Though it may seem that cases of harassment in the workplace are more common among individuals who have less influence, employee discrimination can take place at any level within an organization. And, in some cases, the mental and psychological toll of that treatment can be even greater for those who have invested the most time and money into reaching their positions.

According to a Washington University in St.Louis press release, a recent study published by assistant professor Darrell Hudson found that African American men with incomes of $55,000 and over and at least 16 years of education were more likely to show signs of depression when faced with racial discrimination. This goes against the general trend that people with higher incomes tend to have better physical and mental health.

"African Americans who heavily invest in themselves through education and working in high…prestige setting may be more exposed… because they are more mobile," says Hudson, who suggests that these men are more susceptible to discrimination because they deal with it more often. African American men in positions of power are most likely living and working in more integrated environments, which Hudson states could be the reason they deal with racism more regularly than people with lower incomes.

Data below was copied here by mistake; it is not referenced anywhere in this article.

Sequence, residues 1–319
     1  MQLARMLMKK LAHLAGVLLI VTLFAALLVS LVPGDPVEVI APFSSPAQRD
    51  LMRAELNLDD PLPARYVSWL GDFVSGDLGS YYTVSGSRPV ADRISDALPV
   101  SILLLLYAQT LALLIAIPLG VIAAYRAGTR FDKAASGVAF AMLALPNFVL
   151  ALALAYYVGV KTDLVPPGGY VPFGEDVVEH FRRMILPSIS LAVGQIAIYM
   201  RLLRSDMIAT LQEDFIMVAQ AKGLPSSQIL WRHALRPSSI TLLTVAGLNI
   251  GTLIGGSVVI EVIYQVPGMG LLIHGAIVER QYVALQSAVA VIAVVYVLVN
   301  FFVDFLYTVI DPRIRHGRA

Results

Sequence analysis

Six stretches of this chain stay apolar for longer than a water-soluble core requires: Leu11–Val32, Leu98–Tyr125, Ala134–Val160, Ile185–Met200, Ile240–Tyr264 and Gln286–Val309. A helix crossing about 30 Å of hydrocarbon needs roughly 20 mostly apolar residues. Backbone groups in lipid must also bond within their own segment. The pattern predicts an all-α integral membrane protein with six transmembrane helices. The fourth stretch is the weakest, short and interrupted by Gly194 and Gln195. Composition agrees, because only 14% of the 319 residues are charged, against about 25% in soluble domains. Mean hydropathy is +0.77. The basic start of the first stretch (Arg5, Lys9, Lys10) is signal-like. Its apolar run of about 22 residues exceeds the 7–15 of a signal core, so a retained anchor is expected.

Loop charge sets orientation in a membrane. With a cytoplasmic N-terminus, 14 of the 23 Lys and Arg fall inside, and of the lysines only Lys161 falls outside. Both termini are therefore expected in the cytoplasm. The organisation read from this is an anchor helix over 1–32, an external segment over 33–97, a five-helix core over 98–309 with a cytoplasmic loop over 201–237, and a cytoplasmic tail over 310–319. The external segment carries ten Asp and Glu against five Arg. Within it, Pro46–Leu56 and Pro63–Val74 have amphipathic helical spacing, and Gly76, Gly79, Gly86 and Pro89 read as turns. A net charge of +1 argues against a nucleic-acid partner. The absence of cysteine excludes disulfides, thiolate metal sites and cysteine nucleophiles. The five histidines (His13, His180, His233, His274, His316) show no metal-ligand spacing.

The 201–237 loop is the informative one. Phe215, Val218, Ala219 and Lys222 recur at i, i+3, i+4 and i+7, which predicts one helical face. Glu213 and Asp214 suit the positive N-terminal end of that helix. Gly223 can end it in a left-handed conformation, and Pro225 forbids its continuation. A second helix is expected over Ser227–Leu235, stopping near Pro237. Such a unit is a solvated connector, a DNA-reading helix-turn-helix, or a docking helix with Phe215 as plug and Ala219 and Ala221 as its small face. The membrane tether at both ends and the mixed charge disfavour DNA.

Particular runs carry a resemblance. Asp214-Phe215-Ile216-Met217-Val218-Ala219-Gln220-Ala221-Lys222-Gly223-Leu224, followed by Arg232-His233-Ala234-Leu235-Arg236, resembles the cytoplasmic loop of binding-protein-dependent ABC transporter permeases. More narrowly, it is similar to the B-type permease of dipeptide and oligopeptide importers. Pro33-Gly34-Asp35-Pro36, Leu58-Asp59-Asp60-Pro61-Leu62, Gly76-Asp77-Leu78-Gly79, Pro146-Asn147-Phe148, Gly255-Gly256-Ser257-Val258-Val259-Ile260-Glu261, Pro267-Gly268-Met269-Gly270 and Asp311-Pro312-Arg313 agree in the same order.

Hudson's study is based on data from the National Survey of American Life, which included lifestyle information from 3,570 African Americans adults that was collected between 2001 and 2003. 

Racial discrimination in the workplace isn't just a matter of lesser pay or overlooked promotions – it also affects personal well-being. Whatever their professions may be, people have the right to seek legal counsel if they've been subjected to harassment at work because of their race. Any Missouri residents who feel they're being treated inappropriately in the office should consult an employment attorney in Kansas City for advice.